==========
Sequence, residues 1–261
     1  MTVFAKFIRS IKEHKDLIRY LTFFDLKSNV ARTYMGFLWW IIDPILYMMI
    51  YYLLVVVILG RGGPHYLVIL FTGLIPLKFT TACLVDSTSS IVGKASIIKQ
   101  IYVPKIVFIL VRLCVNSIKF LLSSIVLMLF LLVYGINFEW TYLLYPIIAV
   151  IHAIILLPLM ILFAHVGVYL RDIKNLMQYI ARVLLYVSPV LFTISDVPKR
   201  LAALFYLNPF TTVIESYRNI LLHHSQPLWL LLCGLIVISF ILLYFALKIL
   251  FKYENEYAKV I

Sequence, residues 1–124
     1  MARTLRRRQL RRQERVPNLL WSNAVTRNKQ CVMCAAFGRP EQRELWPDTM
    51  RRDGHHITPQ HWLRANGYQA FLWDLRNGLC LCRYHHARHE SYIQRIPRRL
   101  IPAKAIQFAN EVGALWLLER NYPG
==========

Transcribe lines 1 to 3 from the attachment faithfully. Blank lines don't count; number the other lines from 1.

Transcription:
Sequence, residues 1–261
     1  MTVFAKFIRS IKEHKDLIRY LTFFDLKSNV ARTYMGFLWW IIDPILYMMI
    51  YYLLVVVILG RGGPHYLVIL FTGLIPLKFT TACLVDSTSS IVGKASIIKQ